““Men of Israel, hear these words: Jesus of Nazareth, a man attested to you by God with mighty works and wonders and signs that God did through him in your midst, as you yourselves know— this Jesus, delivered up according to the definite plan and foreknowledge of God, you crucified and killed by the hands of lawless men.” (Acts 2:22–23, ESV)
There is an old expression, “hitting the nail on the head.” The expression is used in a variety of ways, but one is when someone addresses a situation with a correct and hard-hitting point. Such is the case with Peter in this sermon. After explaining the manifestation of the Spirit in the disciples speaking in foreign languages, he then explains to them that they had understood the great works of Jesus that God did through Him. He then hits them hard by telling them that they “crucified and killed” this righteous one of God, Jesus.
When many preach today, they often do the soft-shoe around the issue of sin. I have heard a well-known preacher state that he does not preach on tough things since his calling is to encourage and make people feel good. Unfortunately, we do a disservice to people when we fail to address sin.
Ray Comfort makes a point of this in his book, “The Way of the Master.” In it he speaks of using the Ten Commandments to get people’s attention when sharing the gospel. I remember setting up evangelistic cookouts in the inner-city parks of Savannah Georgia. At these cookouts, we would give hotdogs, chips and sodas to the teens in the summer. One day I had a group of teenage boys surround me and I began to talk to them about Jesus. I knew a lot of them for I had seen them at other cookouts.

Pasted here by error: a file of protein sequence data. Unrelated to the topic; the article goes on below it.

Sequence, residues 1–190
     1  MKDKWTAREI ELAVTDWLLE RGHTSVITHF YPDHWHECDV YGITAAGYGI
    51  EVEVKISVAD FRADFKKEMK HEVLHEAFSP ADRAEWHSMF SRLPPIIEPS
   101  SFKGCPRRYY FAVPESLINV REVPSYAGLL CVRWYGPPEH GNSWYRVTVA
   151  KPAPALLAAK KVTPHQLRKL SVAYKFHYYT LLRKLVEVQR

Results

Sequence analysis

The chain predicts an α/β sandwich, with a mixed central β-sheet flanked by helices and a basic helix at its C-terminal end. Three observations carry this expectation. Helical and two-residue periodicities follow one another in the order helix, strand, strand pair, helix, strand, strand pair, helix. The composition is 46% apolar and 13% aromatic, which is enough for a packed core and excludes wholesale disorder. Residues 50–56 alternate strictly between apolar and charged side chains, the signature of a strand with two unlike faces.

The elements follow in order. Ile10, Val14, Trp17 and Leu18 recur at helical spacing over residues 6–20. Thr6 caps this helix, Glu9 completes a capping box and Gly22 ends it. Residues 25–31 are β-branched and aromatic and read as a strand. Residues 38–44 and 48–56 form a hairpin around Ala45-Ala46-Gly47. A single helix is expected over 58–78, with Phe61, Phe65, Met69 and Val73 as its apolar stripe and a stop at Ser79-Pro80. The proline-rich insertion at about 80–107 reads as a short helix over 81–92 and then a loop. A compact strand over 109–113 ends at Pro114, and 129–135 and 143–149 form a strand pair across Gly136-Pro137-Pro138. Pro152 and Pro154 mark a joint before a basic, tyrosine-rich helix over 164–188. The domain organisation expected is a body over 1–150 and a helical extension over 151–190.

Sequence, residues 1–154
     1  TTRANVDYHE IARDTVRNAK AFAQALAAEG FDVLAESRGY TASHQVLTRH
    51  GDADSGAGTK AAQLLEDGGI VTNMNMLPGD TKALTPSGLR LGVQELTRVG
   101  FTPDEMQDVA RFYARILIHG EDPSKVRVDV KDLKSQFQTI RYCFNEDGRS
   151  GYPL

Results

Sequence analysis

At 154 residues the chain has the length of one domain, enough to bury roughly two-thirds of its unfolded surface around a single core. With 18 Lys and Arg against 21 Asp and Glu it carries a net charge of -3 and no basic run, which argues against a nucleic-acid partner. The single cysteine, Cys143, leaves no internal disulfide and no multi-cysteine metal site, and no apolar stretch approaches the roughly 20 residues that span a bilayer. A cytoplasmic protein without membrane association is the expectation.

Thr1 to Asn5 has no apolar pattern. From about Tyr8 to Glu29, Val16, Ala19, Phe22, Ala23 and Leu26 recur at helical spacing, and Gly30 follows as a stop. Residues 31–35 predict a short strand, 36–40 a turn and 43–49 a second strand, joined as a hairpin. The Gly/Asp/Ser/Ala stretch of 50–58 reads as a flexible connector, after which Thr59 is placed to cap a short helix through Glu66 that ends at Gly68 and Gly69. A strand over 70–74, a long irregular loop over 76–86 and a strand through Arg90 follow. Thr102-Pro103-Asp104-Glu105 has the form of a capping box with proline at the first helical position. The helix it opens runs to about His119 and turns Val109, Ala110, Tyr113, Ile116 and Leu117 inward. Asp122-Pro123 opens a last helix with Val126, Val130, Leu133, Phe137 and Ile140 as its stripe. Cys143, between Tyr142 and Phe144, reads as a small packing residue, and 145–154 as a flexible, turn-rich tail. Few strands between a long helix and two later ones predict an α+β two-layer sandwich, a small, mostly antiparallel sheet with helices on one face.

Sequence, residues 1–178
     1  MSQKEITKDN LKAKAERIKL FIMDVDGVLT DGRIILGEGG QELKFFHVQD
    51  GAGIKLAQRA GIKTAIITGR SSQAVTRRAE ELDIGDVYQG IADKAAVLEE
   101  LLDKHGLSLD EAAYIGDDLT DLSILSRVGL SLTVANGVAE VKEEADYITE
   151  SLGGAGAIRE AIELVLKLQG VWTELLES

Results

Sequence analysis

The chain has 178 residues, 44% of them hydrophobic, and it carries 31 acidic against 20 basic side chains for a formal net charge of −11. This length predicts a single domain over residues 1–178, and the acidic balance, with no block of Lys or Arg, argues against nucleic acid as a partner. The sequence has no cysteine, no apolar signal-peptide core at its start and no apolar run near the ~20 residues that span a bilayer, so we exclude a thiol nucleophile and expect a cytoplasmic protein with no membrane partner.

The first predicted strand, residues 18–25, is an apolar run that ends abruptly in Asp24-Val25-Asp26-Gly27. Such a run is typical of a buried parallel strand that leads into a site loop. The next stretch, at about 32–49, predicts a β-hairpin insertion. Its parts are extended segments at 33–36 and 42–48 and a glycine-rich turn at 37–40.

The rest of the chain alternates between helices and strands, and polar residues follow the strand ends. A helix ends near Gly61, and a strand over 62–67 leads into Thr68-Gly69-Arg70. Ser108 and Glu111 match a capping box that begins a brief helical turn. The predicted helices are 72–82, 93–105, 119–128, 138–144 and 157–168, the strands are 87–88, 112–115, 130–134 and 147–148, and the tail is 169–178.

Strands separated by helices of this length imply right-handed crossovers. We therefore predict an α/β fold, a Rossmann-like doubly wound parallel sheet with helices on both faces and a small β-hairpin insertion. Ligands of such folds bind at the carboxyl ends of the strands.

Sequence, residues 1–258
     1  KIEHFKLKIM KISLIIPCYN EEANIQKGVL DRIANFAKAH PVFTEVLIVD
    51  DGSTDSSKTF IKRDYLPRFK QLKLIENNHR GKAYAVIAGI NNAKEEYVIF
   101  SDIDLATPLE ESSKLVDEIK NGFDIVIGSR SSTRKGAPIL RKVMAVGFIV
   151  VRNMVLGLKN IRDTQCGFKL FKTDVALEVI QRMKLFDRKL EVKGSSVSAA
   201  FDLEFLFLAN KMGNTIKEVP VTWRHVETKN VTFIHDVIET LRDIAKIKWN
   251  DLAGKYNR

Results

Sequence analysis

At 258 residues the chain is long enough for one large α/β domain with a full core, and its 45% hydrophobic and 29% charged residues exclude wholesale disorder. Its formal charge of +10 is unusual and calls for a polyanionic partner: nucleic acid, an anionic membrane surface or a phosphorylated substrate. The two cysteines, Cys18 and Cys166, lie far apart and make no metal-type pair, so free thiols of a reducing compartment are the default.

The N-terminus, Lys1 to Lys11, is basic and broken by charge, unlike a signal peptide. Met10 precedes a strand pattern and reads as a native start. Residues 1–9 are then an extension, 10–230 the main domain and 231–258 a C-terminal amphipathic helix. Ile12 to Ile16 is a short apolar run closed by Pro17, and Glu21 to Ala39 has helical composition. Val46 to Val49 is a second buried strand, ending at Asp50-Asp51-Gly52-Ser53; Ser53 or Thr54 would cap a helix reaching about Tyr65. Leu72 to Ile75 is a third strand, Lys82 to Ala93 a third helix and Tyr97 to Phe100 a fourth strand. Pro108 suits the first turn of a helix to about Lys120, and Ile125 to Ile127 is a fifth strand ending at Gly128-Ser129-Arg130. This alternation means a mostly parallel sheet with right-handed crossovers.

This time I thought I would try Ray Comfort’s approach. So, I asked them if they thought they were good people. They said yes. Then I said, well, let me ask you some questions. Have you ever stolen anything? At first they said no, but when I pressed them they said yes. I asked them if they ever lied. They had. I asked other questions like this, and then concluded, the Bible says that you all have sinned. Because of this, when you die, you will spend eternity in hell.
Then they asked me a question. They asked have you ever lied? I stated that I had. They asked have you ever stolen anything? I stated that I had. Then they said, “Then you are going to hell too!” Then I told them “No, I’m not going to hell. I found a way to heaven. I don’t know what possessed me, but as soon as I said this, I began to walk away. As I turned away, they shouted out, “You can’t leave us now! Tell us what you found out!” At this, I presented the gospel to them and they listened. Many came to saving faith.
Imagine the conviction of Peter’s words in the introduction of this sermon, when he told the Jews in that they killed Jesus, the righteous one of God. This must have been “eye opening.” I believe that Peter had caught their attention. They were ready to listen to the gospel message. Now, obviously it was not Peter’s words alone that prompted their attention. Peter was God’s instrument to bring the word of truth to them. Yet the Holy Spirit was actively engaged convincing them of sin, righteousness, and judgment.
Remember this. When we preach the gospel, we should not avoid the difficult things. Yes, the gospel does bring us blessing, much blessing. However, people need to understand that there is a problem of sin and there is only one hope to be saved from sin and its penalty, Jesus Christ our Savior and Lord.